Signal has had the ability to manually authenticate another account for years. iMessage is getting it:
The feature is called Contact Key Verification, and it does just what its name says: it lets you add a manual verification step in an iMessage conversation to confirm that the other person is who their device says they are. (SMS conversations lack any reliable method for verification—sorry, green-bubble friends.) Instead of relying on Apple to verify the other person’s identity using information stored securely on Apple’s servers, you and the other party read a short verification code to each other, either in person or on a phone call. Once you’ve validated the conversation, your devices maintain a chain of trust in which neither you nor the other person has given any private encryption information to each other or Apple. If anything changes in the encryption keys each of you verified, the Messages app will notice and provide an alert or warning.
These types of hacks have been possible for decades, but they require special equipment and a fair amount of expertise. The capabilities generally required expensive SDRs—short for software-defined radios—that, unlike traditional hardware-defined radios, use firmware and processors to digitally re-create radio signal transmissions and receptions. The $200 Flipper Zero isn’t an SDR in its own right, but as a software-controlled radio, it can do many of the same things at an affordable price and with a form factor that’s much more convenient than the previous generations of SDRs.
Apple has warned leaders of the opposition government in India that their phones are being spied on:
Multiple top leaders of India’s opposition parties and several journalists have received a notification from Apple, saying that “Apple believes you are being targeted by state-sponsored attackers who are trying to remotely compromise the iPhone associated with your Apple ID ….”
For India to uphold fundamental rights, authorities must initiate an immediate independent inquiry, implement a ban on the use of rights-abusing commercial spyware, and make a commitment to reform the country’s surveillance laws. These latest warnings build on repeated instances of cyber intrusion and spyware usage, and highlights the surveillance impunity in India that continues to flourish despite the public outcry triggered by the 2019 Pegasus Project revelations.
Citizen Lab says two zero-days fixed by Apple today in emergency security updates were actively abused as part of a zero-click exploit chain (dubbed BLASTPASS) to deploy NSO Group’s Pegasus commercial spyware onto fully patched iPhones.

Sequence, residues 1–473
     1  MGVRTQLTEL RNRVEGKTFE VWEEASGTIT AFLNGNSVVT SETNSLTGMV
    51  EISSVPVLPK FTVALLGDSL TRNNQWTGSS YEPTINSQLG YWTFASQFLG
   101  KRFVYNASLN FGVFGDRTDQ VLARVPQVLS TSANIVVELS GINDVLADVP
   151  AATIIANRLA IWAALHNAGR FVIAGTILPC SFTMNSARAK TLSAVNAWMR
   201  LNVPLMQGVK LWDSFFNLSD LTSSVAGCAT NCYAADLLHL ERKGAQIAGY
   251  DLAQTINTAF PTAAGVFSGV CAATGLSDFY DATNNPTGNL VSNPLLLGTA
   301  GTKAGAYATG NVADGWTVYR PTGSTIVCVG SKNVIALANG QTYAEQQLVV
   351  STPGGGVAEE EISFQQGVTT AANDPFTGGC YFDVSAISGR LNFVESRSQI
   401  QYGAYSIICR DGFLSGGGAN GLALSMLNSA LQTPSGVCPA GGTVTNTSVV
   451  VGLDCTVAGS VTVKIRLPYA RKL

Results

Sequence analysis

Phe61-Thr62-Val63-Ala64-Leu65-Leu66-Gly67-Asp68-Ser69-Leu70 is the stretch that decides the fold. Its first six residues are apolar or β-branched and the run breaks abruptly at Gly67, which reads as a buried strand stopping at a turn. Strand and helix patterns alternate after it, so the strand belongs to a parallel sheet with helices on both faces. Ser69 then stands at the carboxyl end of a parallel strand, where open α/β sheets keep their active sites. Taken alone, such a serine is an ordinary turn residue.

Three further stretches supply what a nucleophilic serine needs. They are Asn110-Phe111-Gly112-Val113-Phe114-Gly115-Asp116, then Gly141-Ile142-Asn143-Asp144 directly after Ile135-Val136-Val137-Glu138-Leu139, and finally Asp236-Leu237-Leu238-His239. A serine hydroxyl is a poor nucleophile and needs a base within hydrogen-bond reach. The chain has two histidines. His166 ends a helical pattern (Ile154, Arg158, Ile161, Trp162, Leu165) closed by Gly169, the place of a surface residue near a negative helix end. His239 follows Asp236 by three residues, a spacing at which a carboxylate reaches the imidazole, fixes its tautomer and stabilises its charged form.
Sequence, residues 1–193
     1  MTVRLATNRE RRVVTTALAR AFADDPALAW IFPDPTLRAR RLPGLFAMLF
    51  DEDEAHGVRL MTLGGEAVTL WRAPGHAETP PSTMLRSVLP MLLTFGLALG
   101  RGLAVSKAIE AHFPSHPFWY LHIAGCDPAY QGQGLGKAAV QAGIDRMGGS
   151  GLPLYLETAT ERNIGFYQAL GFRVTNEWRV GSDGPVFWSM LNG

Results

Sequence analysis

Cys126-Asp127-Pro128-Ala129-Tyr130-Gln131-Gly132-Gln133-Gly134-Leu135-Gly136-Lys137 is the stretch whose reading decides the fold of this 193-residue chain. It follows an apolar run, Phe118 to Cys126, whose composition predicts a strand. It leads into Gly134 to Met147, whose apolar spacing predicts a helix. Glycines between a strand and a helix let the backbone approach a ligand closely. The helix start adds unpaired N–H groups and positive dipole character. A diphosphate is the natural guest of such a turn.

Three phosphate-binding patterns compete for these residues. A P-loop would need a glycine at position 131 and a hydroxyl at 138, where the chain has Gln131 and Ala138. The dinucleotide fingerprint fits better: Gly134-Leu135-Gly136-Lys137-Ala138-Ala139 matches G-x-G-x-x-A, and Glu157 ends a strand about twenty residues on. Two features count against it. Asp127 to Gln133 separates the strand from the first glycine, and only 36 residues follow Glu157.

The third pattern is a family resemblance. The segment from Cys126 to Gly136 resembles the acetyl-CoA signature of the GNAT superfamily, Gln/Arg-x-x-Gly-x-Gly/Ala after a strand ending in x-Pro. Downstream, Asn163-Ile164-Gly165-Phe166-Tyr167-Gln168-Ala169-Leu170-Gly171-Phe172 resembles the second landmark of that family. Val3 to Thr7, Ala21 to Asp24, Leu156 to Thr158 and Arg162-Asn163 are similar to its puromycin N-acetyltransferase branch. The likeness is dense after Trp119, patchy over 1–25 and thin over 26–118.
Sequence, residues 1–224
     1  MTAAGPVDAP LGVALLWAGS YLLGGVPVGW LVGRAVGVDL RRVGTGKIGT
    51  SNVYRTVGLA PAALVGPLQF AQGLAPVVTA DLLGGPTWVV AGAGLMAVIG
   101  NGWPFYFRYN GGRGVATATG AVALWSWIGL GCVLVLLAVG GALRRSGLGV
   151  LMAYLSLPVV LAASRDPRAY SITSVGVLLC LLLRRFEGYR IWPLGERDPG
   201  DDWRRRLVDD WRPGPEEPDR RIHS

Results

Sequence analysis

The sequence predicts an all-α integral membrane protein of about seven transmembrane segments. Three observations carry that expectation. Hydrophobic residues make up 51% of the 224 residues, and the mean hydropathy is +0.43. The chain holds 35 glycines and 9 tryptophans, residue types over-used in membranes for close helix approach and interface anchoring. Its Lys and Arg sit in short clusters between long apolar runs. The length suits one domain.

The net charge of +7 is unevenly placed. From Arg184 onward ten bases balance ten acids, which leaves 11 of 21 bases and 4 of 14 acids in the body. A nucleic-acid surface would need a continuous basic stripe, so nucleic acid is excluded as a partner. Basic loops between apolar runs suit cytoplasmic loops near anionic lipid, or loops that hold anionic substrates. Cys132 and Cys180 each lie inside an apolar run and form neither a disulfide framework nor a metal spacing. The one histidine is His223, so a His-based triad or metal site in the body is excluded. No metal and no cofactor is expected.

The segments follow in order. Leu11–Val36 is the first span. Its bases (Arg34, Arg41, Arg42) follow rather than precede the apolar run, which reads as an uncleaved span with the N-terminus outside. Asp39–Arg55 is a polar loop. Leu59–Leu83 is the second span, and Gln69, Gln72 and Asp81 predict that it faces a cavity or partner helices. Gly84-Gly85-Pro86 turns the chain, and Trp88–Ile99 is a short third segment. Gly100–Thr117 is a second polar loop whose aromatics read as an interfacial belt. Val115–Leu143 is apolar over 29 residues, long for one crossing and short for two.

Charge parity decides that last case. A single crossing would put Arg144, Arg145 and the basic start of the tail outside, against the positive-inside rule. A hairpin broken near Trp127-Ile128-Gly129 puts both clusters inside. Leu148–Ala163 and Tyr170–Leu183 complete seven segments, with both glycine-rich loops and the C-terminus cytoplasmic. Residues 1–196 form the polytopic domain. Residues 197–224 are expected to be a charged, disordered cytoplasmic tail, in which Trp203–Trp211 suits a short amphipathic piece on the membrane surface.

The two bugs, tracked as CVE-2023-41064 and CVE-2023-41061, allowed the attackers to infect a fully-patched iPhone running iOS 16.6 and belonging to a Washington DC-based civil society organization via PassKit attachments containing malicious images.
“We refer to the exploit chain as BLASTPASS. The exploit chain was capable of compromising iPhones running the latest version of iOS (16.6) without any interaction from the victim,” Citizen Lab said.
“The exploit involved PassKit attachments containing malicious images sent from an attacker iMessage account to the victim.”
Interesting story of an Apple Macintosh app that went rogue. Basically, it was a good app until one particular update…when it went bad.
With more official macOS features added in 2021 that enabled the “Night Shift” dark mode, the NightOwl app was left forlorn and forgotten on many older Macs. Few of those supposed tens of thousands of users likely noticed when the app they ran in the background of their older Macs was bought by another company, nor when earlier this year that company silently updated the dark mode app so that it hijacked their machines in order to send their IP data through a server network of affected computers, AKA a botnet.
This is not an unusual story. Sometimes the apps are sold. Sometimes they’re orphaned, and then taken over by someone else.
Netflix has open-sourced Escrow Buddy, which helps Security and IT teams ensure they have valid FileVault recovery keys for all their Macs in MDM.
To be a client systems engineer is to take joy in small endpoint automations that make your fellow employees’ day a little better. When somebody is unable to log into their FileVault-encrypted Mac, few words are more joyful to hear than a support technician saying, “I’ve got your back. Let’s look up the recovery key.”